The patients considered for inclusion in the study were evaluated in the initial medical visit, during which clinical histories were taken, complete physical examinations were performed, laboratory tests were conducted, simple chest X rays were taken, spirometry was performed, and purulent sputum (recently expectorated) was submitted to microbiological analysis. Evaluation of sputum was performed after Gram staining and culture of samples considered appropriate, defined as those containing more than 25 leukocytes and less than 10 squamous epithelial cells per low-power microscopic field (×100).(10) The patients were then randomly allocated to receive azithromycin (500 mg/day, p.o., for three consecutive days) or amoxicillin (500 mg/8 h, p.o., for ten consecutive days). After ten days, the patients were again examined: histories were re-taken; vital signs were checked; spirometry was performed; and another sputum sample was submitted to microbiological evaluation. The third and final examination was performed at approximately one month after the initiation of treatment and included the same procedures conducted in the second examination. Patients were required to report all medications taken during the study. The quantities of azithromycin and amoxicillin used by the patients were calculated in order to evaluate adherence to the treatment.

In order to evaluate efficacy and safety, two patient samples were analyzed. The evaluation of safety was performed with an intention-to-treat patient sample, comprising all of the patients who took at least one dose of one of the drugs used in the study. Another patient sample was evaluated per protocol (PP sample) and was composed of the patients who took the appropriate drug dosage (defined as between 80 and 100% of the pills prescribed) and had not violated the protocol in any way.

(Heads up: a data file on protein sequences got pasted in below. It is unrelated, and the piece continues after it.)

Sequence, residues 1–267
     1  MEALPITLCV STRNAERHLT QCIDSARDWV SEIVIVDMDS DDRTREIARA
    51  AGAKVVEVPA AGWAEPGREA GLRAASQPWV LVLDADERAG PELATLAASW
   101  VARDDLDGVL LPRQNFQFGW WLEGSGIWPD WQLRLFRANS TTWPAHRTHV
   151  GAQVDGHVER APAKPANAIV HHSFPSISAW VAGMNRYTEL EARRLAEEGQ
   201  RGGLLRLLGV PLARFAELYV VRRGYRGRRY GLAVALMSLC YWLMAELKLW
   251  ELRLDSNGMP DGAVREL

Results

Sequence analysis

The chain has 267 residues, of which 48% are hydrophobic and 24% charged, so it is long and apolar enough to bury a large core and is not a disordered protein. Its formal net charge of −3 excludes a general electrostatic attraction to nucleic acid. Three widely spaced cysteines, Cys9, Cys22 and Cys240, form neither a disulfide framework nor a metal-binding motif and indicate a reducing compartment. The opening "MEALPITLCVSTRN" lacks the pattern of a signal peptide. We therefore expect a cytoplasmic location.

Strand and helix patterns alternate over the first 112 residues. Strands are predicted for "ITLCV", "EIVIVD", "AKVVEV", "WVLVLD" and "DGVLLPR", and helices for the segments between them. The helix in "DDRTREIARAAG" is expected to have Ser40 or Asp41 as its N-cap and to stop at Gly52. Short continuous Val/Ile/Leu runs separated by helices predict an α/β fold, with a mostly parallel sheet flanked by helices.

In the second and third examinations, the clinical response of the patients was classified as cure, improvement or treatment failure. Cure was defined as the resolution of the signs and symptoms of acute exacerbation, which reverted to the usual pattern for each patient. Improvement was defined as the disappearance of fever, with incomplete resolution of the other signs and symptoms, without the need for additional antibiotics. Treatment failure was defined as the lack of resolution of signs and symptoms or the need for further use of antibiotics. The primary evaluation of treatment efficacy was based on the percentage of patients who presented cure or improvement. The secondary parameters of efficacy were the evaluations of signs and symptoms and the results of microbiological evaluations.

All adverse events reported by the patients, or observed by the examiners, over the course of the study, were recorded. The incidence of serious adverse events, defined as any events that resulted in death, hospitalization, prolongation of hospitalization, persistent/significant incapacitation, or risk to the life of the patient, was also analyzed. Cases in which the treatment was discontinued, whether due to its inefficacy or to related adverse events, were evaluated.